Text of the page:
Hawaii County taxpayers aren’t likely to lose money because of bankruptcy filings this week by three developers of the upscale Hokulia project on the Kona Coast, county Corporation Counsel Lincoln Ashida said Friday.
Developer 1250 Oceanside and its two affiliated developers, Front Nine LLC and Pacific Star, all Lyle Andersen companies, are seeking Chapter 11 bankruptcy protection while they try to restructure $680 million in debt, most of which is held by new lender Sun Kona Finance LLC.
Ashida said Corporation Counsel attorneys attended the initial court hearing Thursday in U.S. Bankruptcy Court in Honolulu, and his office will keep close tabs on proceedings as they occur.
Still, he said, county taxpayers have already been protected to some extent because the county received $12.5 million in cash from Oceanside several years ago as part of its development agreement with the county.
“That money is ours, right now,” Ashida said.
In addition, Ashida said, the county is a secured creditor for $20 million and it is on the top of the creditor list, with 80 Keopuka lots, valued at more than $20 million, as collateral.
“We are first in line,” Ashida said.
The three companies “intend to restructure and resolve their secured and unsecured debt … so that development of the Hokulia project can proceed to completion and to enable the future development of the Keopuka property,” Red Hill 1250 Inc. President and General Manager Craig Pickett said in his declaration, filed Wednesday.
Red Hill 1250 was the general partner with Oceanside, holding 99 percent of the company.
Sun Kona, an affiliate of SunChase Holdings, acquired a $626 million loan from the Bank of Scotland Dec. 28. In January, Sun Kona put Pickett in charge of all three Hawaii companies now filing bankruptcy.
Oceanside listed assets of about $44.5 million. The total listed value of Front Nine’s property is about $18.3 million, and Pacific Star has about $5.3 million in assets.
Anderson planned to develop Hokulia in three phases on approximately 1,400 acres. Full build out was to include about 730 residential lots, a 27-hole golf course and clubhouse, a members’ lodge and spa, a beach activity center, tennis courts and a shoreline park. He began with a $200 million loan from the Bank of Scotland in 2000. By December 2003, the outstanding balance on the amended loan was $517 million. The aggregate amount owed in 2008, when Oceanside joined as a borrower, was more than $900 million.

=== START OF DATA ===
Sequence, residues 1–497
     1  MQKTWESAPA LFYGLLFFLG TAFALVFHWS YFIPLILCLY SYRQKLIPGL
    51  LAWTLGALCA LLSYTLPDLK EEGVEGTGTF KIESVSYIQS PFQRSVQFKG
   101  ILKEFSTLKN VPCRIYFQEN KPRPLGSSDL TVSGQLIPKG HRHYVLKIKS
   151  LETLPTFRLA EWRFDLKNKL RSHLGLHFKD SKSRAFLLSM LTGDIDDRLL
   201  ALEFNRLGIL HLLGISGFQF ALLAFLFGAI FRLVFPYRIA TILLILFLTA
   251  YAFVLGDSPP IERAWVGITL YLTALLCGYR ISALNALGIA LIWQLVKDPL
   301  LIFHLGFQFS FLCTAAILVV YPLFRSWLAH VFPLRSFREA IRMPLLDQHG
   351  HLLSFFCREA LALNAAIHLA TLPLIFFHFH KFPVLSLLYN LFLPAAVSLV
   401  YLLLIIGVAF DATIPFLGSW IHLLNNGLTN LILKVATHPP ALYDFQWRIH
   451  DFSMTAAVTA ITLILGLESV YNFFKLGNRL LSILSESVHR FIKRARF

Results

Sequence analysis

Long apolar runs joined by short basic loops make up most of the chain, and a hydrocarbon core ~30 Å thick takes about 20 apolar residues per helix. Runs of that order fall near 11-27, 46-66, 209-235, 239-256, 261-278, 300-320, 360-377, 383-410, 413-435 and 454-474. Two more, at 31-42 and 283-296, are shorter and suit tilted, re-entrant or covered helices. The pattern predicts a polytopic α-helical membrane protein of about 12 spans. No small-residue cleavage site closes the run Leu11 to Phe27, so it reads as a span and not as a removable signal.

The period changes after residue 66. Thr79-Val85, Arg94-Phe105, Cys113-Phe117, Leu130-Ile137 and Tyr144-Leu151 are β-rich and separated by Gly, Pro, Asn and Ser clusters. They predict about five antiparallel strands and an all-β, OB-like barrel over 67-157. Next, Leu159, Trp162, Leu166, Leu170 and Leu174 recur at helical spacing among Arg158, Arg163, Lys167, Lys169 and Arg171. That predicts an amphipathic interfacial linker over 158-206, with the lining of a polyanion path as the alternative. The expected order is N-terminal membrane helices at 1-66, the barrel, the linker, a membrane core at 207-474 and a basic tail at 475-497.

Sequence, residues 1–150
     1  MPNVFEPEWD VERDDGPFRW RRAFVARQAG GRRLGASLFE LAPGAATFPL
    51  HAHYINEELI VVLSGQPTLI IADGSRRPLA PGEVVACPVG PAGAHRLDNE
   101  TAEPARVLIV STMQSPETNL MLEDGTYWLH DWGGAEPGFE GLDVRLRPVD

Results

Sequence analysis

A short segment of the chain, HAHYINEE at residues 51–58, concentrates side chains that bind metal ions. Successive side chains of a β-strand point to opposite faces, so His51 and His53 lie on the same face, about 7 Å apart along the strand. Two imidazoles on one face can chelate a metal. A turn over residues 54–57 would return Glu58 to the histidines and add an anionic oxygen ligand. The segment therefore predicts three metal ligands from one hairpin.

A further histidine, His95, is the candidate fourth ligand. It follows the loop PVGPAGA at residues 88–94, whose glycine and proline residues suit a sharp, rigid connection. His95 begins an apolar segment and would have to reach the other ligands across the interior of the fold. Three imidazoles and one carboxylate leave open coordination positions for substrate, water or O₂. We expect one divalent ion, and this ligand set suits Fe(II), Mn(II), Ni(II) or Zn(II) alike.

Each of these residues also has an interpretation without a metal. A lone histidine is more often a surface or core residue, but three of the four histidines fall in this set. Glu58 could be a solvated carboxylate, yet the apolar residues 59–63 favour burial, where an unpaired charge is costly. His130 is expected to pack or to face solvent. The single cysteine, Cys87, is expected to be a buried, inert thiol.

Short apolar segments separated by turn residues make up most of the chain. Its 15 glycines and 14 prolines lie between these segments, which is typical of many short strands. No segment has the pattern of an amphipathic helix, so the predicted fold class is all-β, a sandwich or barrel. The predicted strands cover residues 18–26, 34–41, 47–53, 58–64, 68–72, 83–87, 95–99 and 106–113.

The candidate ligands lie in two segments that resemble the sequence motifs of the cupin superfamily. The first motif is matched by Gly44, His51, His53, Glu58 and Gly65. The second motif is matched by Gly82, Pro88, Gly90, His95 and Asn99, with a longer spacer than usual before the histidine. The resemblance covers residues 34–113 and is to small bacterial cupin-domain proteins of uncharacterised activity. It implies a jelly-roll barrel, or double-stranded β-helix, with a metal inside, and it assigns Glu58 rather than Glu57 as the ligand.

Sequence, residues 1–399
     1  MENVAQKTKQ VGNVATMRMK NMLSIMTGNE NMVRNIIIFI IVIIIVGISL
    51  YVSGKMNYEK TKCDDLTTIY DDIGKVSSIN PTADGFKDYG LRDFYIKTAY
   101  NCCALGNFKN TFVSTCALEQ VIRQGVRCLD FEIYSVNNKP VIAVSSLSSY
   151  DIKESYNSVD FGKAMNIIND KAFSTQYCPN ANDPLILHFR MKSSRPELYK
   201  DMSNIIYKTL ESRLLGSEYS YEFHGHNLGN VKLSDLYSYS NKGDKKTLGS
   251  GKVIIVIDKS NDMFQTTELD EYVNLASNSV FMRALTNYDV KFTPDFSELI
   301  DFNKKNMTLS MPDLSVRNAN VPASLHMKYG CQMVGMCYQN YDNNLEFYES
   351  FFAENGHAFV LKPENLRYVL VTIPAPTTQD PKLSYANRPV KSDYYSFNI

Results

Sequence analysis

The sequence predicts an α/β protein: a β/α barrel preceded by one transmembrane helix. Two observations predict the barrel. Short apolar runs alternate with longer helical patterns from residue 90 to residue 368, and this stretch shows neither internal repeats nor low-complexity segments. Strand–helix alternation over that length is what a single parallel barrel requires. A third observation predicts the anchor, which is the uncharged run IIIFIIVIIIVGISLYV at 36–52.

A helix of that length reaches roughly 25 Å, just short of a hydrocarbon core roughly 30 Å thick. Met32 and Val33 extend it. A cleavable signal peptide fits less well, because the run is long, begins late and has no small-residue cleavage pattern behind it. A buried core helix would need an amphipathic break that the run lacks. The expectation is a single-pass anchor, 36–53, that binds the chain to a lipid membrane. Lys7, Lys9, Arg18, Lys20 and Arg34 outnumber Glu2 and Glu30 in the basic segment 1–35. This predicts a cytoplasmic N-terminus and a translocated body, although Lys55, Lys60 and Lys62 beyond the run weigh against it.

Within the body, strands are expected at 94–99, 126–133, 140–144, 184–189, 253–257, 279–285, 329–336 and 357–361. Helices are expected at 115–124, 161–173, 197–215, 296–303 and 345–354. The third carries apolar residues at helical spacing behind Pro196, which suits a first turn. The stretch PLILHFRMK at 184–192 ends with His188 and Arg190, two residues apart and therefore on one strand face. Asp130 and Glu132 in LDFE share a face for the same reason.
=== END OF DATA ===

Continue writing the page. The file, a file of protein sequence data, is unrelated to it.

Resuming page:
By the end of 2008, the Bank of Scotland declared the project to be in default and exercised its option to remove the directors, including Anderson.
The golf course and a clubhouse were built, but many of the other amenities were not, nor were they turned over to The Club at Hokulia and the Hokulia Community Association as initially planned, Pickett said.
Last year, Oceanside did turn over the completed amenities, as well as the lots for future amenities, to The Club and the community association. Last month, an affiliate of Sun Kona Finance agreed to fund amenities, as well as pay an unrevealed amount of cash to The Club to complete the long-awaited infrastructure and amenities.
Pickett’s 50-page declaration outlines the major setbacks to the project from a September 2000 rainstorm that triggered silt runoff into the ocean and the subsequent legal proceedings against Oceanside and the state, referred to as the Kelly litigation, to the September 2003 finding that the county violated state land use law when it approved the project. Parties in the Kelly litigation reached a settlement in 2006, and the 3rd Circuit Court the next year lifted an order that had blocked land sales for four years.
Oceanside was able to sell some lots, court documents said, but worsening economic conditions prompted the primary lender to declare a default in January 2008, which halted sales again.
In October 2000, Hawaii County filed a condemnation action for land for a proposed bypass road. That kicked off a decade of litigation, producing three published Hawaii Supreme Court opinions. A third major legal action, this one against the bond company that secured funding for the remainder of the bypass road, took several years to resolve. Finally, Pickett said, a number of individual lot owners have also sued Oceanside. The bankruptcy proceedings will stay those lawsuits, he said.
The years of problems led the county to treat the project extra carefully, Ashida said.
“Frankly, some good decisions were made early on in anticipation of problems like this,” he said.
A number of other conditions of the original development agreement, such as the bypass road through the property, have not been completed.
Ashida characterized the road as “a separate issue,” and said it is on schedule to be constructed by the county.
Public Works Director Warren Lee said the county is currently working on engineering and plans to put it out to bid later this year.
“The administration made that commitment to the community, and it will be built,” Ashida said.